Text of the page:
There has been a mini-flutter among some of my facebook friends who seem to feel for some reason that it is important to write "Hallowe'en" rather than "Halloween".
Halloween has been written without an apostrophe since at least 1773, according to the OED, and among the people using that spelling were Robbie Burns and Queen Victoria. There is no more reason to spell it with an apostrophe than there is to write "fan'cy" (contracted from "fantasy"), "gam'ut" (contracted from "gamma ut"), "lau'nder" (contracted from "lavender"), or "goodb'ye" (contracted from "God be with ye"). I think you can let it go!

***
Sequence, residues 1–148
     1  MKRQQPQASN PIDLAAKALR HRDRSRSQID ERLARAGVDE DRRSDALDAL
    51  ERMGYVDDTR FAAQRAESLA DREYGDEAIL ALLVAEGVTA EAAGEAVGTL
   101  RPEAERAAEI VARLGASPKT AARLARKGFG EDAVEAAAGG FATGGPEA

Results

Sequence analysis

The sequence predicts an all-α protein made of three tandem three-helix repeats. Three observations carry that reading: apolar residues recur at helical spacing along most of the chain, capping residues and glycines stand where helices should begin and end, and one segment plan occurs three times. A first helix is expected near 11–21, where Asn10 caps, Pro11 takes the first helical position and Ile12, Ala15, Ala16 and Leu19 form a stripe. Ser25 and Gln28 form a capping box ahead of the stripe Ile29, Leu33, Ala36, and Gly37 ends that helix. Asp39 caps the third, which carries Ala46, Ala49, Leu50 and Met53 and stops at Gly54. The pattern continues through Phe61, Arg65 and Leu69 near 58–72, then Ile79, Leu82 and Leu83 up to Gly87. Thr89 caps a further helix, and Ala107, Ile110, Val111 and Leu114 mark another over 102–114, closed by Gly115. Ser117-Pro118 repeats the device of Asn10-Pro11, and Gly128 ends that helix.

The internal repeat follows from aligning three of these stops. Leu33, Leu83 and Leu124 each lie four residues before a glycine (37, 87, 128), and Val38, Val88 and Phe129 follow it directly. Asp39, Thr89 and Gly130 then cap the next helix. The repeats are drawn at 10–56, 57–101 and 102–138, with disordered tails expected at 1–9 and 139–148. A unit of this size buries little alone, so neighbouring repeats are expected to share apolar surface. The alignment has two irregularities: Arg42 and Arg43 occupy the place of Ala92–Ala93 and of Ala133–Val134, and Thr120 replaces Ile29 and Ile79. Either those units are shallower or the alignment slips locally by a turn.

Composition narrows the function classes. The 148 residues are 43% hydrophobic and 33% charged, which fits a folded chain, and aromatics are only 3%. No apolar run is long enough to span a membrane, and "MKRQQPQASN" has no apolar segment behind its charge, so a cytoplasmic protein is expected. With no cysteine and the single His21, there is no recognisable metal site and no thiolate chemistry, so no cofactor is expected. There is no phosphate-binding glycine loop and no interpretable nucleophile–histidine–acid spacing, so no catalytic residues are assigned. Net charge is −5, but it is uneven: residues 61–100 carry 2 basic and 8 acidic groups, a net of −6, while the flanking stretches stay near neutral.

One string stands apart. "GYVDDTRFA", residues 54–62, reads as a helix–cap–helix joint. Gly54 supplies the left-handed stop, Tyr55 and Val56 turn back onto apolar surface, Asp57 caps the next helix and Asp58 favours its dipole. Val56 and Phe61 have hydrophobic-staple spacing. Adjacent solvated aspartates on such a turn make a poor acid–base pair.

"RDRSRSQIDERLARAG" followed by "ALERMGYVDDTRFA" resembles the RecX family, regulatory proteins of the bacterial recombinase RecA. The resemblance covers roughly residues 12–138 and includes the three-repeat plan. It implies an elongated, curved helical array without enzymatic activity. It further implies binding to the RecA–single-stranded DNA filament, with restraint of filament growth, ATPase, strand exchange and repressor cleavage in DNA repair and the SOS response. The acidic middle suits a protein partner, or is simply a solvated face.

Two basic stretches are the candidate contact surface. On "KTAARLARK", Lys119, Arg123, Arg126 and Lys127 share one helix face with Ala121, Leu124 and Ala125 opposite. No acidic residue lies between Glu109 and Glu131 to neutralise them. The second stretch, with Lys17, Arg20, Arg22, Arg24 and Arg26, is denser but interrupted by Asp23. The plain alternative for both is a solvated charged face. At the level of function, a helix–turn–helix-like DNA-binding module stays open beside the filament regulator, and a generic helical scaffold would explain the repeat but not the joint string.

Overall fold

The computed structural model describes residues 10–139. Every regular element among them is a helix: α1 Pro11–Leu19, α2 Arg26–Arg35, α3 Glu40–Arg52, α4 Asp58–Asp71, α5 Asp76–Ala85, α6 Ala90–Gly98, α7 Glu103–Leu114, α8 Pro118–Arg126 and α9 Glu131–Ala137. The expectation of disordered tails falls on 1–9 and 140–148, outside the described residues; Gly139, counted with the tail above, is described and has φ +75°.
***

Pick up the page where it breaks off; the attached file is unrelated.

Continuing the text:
For more on why the apostrophe is doomed, visit this post.
For more on the pronunciation of "Halloween", see this post.
P.S. If you find the English language fascinating, you might enjoy regular updates about English usage and word origins from Wordlady. Receive every new post delivered right to your inbox! SUBSCRIPTION IS FREE! You can either:
use the subscribe window at the top of this page
(if you are reading this on a mobile device): send me an email with the subject line SUBSCRIBE at firstname.lastname@example.org